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Knight to Fund Community Foundations, Media Innovation

Knight announces $24 million in challenge grants for community foundations aimed as spurring local media, technology and information needs. Get more background information from a previous video interview I conducted with Eric Newton of the Knight Foundation.

Here is today’s press release in full:

New Knight Initiative Seeks to Address Local Information Needs Engaging Community Foundations

$24 Million, Five-Year Project Spurs Innovation through Challenge Grants

MIAMI – A $24 million initiative by the John S. and James L. Knight Foundation will engage community foundations in a grant-making challenge to find creative uses of media and technology to help keep communities informed and their citizens engaged.

The five-year Knight Community Information Challenge is launched as the media world undergoes rapid change and acknowledges that there is less local information readily available. The challenge is premised on two strongly held beliefs: 1) in a democracy, information is essential for a community to function properly; it is a core need, and 2) since community foundations are established to meet core community needs, they are logical partners in meeting the information needs of communities.

This initiative is also seen as an opportunity for community foundations to provide civic leadership.

The Knight initiative has three parts:

  • A grant-making program will invite community foundations to propose ideas to meet information needs in their communities. Knight will make $20 million available over five years to match funding for the best of these ideas.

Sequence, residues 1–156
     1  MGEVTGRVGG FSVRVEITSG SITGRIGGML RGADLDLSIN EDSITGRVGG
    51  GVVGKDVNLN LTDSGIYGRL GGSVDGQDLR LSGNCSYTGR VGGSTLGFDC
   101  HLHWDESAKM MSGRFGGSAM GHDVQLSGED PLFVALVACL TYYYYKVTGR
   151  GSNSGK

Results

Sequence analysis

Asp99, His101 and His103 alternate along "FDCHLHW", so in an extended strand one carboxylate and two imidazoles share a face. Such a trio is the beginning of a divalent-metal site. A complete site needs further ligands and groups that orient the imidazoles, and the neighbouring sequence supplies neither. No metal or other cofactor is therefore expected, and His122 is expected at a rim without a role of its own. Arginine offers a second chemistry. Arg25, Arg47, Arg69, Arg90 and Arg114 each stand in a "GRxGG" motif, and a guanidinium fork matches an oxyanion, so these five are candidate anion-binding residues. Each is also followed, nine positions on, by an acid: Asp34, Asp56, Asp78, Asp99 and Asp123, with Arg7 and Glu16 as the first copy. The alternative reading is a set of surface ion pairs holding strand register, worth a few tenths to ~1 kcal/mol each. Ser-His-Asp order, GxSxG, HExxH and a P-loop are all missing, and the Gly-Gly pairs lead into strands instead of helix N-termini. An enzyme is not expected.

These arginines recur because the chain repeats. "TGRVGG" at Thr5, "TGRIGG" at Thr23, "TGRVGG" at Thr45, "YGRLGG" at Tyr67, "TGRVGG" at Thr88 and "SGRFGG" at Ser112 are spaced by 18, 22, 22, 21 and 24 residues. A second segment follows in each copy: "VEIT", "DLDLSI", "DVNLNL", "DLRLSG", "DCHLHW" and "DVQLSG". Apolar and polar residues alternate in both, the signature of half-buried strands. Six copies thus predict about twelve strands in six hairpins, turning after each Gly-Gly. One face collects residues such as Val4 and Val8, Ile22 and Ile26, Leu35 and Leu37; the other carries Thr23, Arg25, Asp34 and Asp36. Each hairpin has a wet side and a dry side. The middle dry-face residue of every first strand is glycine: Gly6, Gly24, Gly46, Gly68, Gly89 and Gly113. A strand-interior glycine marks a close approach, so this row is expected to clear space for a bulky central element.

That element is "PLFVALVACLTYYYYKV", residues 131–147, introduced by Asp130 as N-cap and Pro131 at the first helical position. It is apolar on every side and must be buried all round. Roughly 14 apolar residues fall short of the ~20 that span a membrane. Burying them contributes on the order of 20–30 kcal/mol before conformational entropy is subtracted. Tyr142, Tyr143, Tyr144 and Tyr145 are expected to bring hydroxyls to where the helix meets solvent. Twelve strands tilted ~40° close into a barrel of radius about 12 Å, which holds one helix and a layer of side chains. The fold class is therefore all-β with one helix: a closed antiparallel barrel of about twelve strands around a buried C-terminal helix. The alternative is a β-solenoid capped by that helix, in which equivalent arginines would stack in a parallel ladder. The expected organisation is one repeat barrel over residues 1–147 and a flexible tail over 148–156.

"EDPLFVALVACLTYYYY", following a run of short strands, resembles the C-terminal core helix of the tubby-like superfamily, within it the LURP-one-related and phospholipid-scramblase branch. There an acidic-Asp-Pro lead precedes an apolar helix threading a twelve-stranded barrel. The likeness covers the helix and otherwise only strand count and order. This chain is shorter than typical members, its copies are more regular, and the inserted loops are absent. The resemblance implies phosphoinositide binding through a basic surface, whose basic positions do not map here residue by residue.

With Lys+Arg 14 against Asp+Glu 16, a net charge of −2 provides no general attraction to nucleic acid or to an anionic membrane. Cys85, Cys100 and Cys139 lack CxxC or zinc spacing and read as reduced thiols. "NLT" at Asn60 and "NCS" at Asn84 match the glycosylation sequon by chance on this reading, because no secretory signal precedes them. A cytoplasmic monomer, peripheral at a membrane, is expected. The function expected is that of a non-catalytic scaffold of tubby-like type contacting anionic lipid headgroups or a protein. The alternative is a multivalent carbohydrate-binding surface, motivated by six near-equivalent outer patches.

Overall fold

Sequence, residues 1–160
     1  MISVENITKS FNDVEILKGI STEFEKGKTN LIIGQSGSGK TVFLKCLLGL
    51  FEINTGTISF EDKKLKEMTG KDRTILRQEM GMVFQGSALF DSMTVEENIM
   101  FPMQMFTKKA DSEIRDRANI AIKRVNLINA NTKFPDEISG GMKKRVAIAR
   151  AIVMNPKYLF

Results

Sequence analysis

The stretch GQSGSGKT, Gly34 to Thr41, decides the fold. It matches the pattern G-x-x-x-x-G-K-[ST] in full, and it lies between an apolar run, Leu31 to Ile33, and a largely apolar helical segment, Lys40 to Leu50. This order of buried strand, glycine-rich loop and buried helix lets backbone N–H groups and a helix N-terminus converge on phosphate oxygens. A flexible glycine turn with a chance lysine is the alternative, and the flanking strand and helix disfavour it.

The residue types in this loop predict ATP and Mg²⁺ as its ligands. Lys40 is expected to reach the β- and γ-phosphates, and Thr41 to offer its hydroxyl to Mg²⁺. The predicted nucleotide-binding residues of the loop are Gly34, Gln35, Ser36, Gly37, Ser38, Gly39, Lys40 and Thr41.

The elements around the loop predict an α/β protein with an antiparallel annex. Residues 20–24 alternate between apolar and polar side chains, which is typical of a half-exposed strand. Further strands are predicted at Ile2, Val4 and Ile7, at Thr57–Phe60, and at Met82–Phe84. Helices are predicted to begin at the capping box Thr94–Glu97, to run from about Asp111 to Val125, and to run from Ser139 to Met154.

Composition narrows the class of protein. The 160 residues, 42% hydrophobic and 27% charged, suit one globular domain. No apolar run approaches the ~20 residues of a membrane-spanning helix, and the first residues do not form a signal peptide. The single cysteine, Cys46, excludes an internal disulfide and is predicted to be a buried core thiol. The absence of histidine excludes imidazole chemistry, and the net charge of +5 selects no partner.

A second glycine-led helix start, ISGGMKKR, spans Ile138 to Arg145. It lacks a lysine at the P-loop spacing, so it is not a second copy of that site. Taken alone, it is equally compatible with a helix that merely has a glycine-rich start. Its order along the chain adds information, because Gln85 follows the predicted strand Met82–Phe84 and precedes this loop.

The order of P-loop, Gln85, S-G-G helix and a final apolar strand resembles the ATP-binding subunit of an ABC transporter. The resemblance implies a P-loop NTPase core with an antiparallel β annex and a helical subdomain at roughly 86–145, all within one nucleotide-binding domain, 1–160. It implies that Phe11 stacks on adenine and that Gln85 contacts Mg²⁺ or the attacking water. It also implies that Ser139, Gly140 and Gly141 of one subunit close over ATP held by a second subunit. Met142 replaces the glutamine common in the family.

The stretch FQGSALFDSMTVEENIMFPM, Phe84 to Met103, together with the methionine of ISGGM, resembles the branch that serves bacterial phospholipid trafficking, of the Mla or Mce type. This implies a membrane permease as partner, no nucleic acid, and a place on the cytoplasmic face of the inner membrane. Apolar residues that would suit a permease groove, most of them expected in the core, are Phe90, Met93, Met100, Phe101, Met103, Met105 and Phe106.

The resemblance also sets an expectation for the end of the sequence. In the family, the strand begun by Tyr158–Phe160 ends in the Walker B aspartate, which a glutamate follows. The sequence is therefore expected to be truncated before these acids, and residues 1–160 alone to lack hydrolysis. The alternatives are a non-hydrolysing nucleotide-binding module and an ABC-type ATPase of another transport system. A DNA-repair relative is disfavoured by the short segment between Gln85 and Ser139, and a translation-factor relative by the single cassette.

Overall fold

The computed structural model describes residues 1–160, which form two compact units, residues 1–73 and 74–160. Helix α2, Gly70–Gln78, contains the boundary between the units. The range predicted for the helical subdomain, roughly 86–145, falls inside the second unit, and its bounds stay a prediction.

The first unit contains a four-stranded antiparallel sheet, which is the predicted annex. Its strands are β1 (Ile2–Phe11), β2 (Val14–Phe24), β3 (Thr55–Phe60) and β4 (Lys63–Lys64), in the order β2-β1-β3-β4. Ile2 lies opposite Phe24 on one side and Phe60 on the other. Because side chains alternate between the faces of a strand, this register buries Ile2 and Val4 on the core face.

•  Once the winners are chosen, teams of “circuit riders” – specialists who bring access to resources and expertise – will be available to help community foundations address their information-needs opportunities. The teams will help community foundations develop the ability to plan and execute their ideas.
  • The project includes a Media Learning Seminar on Feb. 16-17, 2009 to help community foundations learn about the information needs of communities in a democracy. The first such seminar of this kind was held in February 2008 when Knight and the Council on Foundations co-hosted a gathering in Miami. The 2009 seminar will offer an opportunity to exchange current knowledge, review existing information needs projects and share best practices. A companion meeting hosted by the Council on Foundations in October 2009 will reach out to more community foundations.

“Many community foundation executives and board members told us they were ready to embrace information as a core part of their mission,” said Alberto Ibargüen, Knight Foundation president and CEO. “Now it’s time for action. Foundations that value information as an essential element for healthy community advancement – whether neighborhood, town, city or region – will find us a willing partner. By inviting the initiatives to come from the communities, we expect them to be both relevant to local needs and varied.”

The challenge is open to all community foundations. Knight plans to consider ideas from other foundations whose focus is local, geographically defined communities, similar to community foundations.

The Knight Community Information Challenge involves a two-step process. Community foundations can visit to propose a project in 200 words or less between June 30 and Sept. 15. Those selected to submit full proposals will be notified within a week of receipt, and full proposals will be due Oct. 15. Each full proposal will be required to provide matching funds.

The initiative is the fourth in a series of Media Innovation Initiatives created by Knight to address the information needs of communities in a democracy. They include:

  • The Knight News Challenge, funding ideas that use digital media to deliver news and information to geographically defined communities (;
  • The Knight Commission on the Information Needs of Communities in a Democracy, in partnership with the Aspen Institute, will propose public policy that will facilitate meeting those needs (; and
  • The Knight Center for Digital Excellence, a nonprofit consultancy, helps communities across the United States ensure digital access for every citizen (


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